A large number of Sports Direct employees are still waiting for back pay as part compensation into being paid under the minimum wage.
MP’s were told by the Business, Energy and Industrial Strategy (BEIS) select committee that Transline, one of the employment agencies at the heart of a Guardian investigation last year looking at staff from the retailer being paid less than the minimum wage, had refused to pay back any monies owed.
In August last year Transline agreed to paying back workers at a cost of up to £1 million, with some workers owed over £1,000 in back pay. The payments were to be backdated to May 2012.
However, unions expressed concerns at the time that Transline would renege on the deal before it took over contracts from a rival agency, Blue Arrow, in 2014.
Addressing the BEIS, Steve Turner, assistant general secretary of the Unite union, told MPs that Transline had refused to pay the back payment for the non payment of national minimum wage for the period of employment that employees had before Transline took over the contract, refusing to honour the transfer of undertakings regulations (known as Tupe) as a result.
“This is a huge issue,” commented Turner. “This is hundreds and hundreds of pounds for thousands of workers, where Best Connection, the other agency, has honoured the agreement and paid in full. Sports Direct has paid in full. But one agency, Transline, has decided it’s not going to do that.”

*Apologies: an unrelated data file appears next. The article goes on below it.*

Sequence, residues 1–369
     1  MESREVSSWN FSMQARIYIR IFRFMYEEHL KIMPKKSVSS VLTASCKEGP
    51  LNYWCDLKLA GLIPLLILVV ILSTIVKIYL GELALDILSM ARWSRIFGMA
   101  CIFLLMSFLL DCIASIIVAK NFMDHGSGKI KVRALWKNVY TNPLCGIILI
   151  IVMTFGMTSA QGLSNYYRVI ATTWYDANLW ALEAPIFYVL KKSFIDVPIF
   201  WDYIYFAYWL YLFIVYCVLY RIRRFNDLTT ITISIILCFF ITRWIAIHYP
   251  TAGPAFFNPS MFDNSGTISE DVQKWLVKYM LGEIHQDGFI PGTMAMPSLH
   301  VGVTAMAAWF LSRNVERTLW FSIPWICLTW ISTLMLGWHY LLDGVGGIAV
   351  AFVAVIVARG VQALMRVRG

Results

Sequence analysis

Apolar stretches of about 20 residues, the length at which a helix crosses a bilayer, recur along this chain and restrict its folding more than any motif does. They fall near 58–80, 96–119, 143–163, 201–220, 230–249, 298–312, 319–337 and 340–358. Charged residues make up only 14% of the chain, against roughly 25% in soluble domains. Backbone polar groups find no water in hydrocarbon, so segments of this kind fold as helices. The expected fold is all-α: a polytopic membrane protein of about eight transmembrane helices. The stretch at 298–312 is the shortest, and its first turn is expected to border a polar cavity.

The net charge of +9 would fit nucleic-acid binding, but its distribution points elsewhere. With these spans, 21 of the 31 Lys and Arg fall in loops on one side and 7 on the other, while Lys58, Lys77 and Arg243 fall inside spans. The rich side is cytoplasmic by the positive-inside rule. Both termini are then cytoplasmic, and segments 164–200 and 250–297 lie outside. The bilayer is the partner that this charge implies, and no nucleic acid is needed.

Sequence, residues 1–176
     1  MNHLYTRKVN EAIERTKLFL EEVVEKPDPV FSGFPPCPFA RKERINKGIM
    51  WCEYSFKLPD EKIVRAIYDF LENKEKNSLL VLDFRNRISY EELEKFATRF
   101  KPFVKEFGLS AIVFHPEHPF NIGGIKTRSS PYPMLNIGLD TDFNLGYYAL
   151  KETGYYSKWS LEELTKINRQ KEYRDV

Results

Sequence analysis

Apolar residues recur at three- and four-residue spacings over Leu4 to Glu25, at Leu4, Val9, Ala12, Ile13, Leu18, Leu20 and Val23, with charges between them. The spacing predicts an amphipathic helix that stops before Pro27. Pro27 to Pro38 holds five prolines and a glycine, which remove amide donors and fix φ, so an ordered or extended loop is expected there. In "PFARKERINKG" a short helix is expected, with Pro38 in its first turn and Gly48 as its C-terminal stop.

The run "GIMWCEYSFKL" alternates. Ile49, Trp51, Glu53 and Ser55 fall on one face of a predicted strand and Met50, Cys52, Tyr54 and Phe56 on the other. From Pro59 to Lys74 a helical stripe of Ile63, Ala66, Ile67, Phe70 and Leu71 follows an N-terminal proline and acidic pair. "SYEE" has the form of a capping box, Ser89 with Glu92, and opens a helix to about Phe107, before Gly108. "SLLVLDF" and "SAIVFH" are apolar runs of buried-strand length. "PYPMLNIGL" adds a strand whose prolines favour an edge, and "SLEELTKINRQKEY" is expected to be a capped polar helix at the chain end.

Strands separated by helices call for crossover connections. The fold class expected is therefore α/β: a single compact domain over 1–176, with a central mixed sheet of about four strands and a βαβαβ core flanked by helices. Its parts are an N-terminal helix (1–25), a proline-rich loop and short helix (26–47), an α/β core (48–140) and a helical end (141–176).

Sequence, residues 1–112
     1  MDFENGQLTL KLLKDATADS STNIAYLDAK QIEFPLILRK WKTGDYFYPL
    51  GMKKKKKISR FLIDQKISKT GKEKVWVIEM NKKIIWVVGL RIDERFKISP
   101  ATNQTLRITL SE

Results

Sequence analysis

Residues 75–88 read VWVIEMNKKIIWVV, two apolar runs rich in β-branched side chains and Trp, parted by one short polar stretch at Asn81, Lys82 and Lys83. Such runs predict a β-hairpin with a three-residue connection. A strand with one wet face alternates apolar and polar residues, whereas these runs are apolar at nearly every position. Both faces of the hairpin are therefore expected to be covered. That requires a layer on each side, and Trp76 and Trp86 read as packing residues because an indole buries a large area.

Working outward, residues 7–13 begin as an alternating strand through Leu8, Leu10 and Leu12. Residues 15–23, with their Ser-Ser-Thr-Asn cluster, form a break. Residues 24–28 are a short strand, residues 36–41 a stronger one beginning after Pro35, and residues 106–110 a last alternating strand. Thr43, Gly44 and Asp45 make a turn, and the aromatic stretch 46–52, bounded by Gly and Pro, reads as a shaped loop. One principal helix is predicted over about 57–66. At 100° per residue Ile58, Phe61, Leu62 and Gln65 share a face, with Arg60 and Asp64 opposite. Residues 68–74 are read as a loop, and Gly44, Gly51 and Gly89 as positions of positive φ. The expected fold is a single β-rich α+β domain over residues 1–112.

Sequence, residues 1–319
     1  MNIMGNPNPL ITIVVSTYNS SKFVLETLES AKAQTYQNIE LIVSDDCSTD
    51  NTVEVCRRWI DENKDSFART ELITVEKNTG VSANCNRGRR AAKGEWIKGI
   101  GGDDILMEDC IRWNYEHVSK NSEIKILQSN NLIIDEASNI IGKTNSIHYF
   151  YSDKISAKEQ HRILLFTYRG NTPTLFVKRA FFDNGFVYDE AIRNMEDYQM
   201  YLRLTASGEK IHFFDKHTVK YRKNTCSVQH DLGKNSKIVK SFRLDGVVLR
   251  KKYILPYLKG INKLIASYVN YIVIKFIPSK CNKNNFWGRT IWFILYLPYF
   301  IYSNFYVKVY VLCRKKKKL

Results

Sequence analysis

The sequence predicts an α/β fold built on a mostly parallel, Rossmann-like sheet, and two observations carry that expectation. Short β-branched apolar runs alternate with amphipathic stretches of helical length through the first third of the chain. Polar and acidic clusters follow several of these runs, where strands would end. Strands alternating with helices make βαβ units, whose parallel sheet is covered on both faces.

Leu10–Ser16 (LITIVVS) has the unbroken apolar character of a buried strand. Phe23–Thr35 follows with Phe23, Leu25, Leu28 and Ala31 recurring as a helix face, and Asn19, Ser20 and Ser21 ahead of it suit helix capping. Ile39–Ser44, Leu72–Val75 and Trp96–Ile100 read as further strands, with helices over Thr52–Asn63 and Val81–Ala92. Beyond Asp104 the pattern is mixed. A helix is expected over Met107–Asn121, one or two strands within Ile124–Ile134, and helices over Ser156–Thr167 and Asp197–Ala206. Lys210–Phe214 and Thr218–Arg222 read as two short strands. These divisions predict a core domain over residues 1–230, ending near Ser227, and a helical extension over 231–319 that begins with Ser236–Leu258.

A spokesperson for Transline responded “All back payments have been made to Transline employees over the period in question (2014-2016). For those employees that worked for Blue Arrow and then transferred to Transline, we have been working with HM Revenue & Customs and are awaiting their guidance on how Tupe applies to the period that those employees worked for Blue Arrow. We will act according to their feedback as soon as this is received.”
Blue Arrow has yet to provide a comment.
In a letter to the BEIS committee last September, Transline said that it had undertaken a full review to make sure its “operations are fully compliant.”